Ouray Colorado Photo by Pherry and Pat Donaho via Flickr Creative Commons

Colorado is a state built on the backs of gold miners, ranchers and frontiersmen. There’s a spirit of strength and independence evident in the rural people, who are typically farmers or ski bums. Nature rules this mountainous state, and though gold mines have been turned into ski runs, a sense of wild adventure still dominates laid-back, unpretentious Colorado.


Long before the first Europeans found their way into the territory of Colorado it was the land of several Native American tribes. Most, such as the Arapaho, Cheyenne, Utes and Shoshones lived on the plains at the base of the Rockies, dividing their time between summer hunting camps in the mountains and winters further south in the high desert. The names of their leaders (Ouray) and tribes (Arapaho) are memorialized in towns, highways and ski resorts.

The Spanish were the first Europeans to reach Colorado in the 1600s. However, they never established permanent settlements here. In the late 1700s and early 1800s trappers and fur traders set up trading posts along the front range of the Rockies and in the easily accessible valleys. Most American pioneers bypassed Colorado due to the deep treacherous mountains and continued west to Oregon.

Everything changed for Colorado when gold was discovered in the 1870’s in the northeast corner of the state. Pike’s Peak Gold Rush followed soon after, bringing 100,000 prospectors to the state. Denver was born during this time as a repository for mining wealth and tiny boom towns sprang up at the base of every major mine. Today, these Victorian mining areas are the ski resorts of Aspen, Telluride, Breckenridge and notable others.

By the time the mining boom petered out at the end of the 19th century, Colorado was something of a lawless Wild West state. Con men, outlaws and gunslingers lived in or passed through towns like Creede and Cripple Creek. It was a rowdy period, but the lifestyle eventually gave way to ranching and farming. The former gold towns were virtually deserted.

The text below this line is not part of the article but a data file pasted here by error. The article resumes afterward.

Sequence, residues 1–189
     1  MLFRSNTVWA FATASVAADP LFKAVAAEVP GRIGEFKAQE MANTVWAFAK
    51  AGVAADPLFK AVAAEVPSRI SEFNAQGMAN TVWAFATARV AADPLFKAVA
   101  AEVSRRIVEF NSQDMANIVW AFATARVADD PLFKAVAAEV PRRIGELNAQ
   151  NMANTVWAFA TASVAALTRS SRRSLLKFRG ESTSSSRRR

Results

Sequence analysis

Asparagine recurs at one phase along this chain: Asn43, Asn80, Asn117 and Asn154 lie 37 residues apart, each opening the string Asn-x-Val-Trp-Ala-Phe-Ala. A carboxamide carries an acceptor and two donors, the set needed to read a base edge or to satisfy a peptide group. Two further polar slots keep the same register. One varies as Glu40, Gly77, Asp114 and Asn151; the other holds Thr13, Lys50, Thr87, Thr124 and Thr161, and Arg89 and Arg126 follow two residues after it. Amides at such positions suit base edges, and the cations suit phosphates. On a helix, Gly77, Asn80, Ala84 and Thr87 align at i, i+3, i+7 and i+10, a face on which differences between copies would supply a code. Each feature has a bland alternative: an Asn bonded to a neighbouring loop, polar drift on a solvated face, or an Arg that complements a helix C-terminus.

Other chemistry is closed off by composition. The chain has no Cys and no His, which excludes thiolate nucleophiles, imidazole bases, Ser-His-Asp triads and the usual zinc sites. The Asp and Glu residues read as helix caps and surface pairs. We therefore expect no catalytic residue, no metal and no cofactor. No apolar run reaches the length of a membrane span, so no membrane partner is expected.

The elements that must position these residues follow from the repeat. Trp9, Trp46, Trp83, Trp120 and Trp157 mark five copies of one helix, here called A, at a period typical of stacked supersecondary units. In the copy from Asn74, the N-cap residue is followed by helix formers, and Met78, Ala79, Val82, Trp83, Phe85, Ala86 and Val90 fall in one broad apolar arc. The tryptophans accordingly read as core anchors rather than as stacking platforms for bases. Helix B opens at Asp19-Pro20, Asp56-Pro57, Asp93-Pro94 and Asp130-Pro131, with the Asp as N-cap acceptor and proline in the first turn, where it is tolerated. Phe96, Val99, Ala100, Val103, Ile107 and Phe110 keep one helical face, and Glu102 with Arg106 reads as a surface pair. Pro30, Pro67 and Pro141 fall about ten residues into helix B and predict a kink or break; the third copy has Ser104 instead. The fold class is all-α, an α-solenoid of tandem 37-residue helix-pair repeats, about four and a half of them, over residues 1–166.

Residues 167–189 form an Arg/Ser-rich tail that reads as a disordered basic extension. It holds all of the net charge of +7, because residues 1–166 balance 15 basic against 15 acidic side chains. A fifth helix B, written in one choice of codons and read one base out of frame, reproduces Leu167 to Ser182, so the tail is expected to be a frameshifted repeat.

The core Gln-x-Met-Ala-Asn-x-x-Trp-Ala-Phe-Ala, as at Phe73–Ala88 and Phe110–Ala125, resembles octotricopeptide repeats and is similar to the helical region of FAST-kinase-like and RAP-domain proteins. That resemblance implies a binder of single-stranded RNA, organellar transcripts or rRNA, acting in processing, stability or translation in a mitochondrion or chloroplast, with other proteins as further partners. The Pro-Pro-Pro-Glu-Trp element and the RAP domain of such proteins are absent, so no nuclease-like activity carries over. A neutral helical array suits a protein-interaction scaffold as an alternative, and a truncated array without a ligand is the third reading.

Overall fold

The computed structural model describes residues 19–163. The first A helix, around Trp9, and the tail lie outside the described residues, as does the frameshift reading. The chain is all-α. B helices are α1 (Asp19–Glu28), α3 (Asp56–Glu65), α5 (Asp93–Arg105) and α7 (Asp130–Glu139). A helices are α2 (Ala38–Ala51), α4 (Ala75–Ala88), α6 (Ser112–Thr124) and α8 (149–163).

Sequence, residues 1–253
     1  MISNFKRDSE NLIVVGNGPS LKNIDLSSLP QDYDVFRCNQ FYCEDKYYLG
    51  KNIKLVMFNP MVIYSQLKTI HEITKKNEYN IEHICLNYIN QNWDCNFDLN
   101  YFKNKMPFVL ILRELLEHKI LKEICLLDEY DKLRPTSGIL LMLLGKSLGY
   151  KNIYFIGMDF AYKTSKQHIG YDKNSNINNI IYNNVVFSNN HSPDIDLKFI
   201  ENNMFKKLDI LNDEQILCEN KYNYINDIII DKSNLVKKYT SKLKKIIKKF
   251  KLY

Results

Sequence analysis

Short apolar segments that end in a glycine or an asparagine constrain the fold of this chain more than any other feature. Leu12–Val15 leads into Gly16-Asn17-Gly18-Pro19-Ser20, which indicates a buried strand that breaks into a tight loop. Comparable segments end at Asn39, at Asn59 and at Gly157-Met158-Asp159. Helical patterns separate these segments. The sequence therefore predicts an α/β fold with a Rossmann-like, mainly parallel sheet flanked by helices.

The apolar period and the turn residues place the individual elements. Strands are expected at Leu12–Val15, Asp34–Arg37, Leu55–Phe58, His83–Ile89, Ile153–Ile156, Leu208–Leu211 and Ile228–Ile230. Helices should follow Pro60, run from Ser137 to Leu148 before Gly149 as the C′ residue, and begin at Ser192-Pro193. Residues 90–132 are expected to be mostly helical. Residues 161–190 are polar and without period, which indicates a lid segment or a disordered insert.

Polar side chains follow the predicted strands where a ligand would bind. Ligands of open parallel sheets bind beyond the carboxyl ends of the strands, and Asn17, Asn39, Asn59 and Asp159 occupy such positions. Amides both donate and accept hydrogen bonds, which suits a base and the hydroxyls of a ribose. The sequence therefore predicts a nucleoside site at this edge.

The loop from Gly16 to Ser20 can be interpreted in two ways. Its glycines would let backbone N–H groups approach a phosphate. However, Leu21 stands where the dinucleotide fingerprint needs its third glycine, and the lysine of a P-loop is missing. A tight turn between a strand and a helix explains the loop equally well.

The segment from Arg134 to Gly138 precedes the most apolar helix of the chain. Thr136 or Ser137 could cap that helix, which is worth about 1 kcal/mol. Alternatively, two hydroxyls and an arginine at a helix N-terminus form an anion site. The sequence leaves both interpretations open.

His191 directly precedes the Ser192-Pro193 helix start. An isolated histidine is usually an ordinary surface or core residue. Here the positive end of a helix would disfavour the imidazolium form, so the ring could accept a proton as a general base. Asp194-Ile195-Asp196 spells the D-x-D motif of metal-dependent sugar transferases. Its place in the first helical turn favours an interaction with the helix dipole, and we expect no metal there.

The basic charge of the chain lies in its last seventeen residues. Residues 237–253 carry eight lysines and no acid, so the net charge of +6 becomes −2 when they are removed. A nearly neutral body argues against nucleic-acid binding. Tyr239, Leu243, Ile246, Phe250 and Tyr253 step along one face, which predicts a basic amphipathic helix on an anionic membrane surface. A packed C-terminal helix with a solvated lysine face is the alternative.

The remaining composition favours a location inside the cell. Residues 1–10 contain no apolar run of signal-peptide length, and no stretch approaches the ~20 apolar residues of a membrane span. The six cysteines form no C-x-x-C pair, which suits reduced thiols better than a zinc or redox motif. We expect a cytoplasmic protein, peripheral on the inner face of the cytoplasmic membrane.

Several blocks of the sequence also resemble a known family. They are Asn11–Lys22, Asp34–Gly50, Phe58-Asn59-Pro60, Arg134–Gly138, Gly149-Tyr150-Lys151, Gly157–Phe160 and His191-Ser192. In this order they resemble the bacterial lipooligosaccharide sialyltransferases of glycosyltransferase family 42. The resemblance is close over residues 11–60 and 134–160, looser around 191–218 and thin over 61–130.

Colorado’s revival came in the 1960s when European skiers discovered the incredible undeveloped terrain of the Rocky and San Juan mountains. Aspen was one of the first old mining towns to be converted into a ski resort as the developers saw the potential of the town infrastructure combined with new ski lifts and runs. Aspen was an instant success, and soon the other great Victorian-era mining towns like Breckenridge and Telluride were reborn. Today, the ski industry is one of the backbones of Colorado’s tourism economy.


The culture and nature of Colorado go hand in hand. This state was built on the exploitation of its mineral wealth and today these same mountains have created a cool outdoor recreation culture centered on skiing, snowboarding, biking and boating. Colorado is a land of outdoorsy people. From ski bums and environmentalists to fourth-generation ranchers and cowboys, the people of this state depend on the land for their livelihood.

As the ranching has given way to recreation, Colorado’s cultural scene has shifted to something of mountain chic. Summer music festivals, extreme sports buffs and the pervasive attitude of living in the moment make Colorado a great place to visit or live. The locals are relaxed and friendly for the most part, but have little time for visitors who don’t respect or understand their way of mountain living. These are wholesome people, built from the stock of miners, ranchers and mountaineers. As one of the first states to legalize marijuana, weed has become big business with more than 2500 dispensaries in the state. Despite it's taboo status other places, is just part of everyday life in Colorado.

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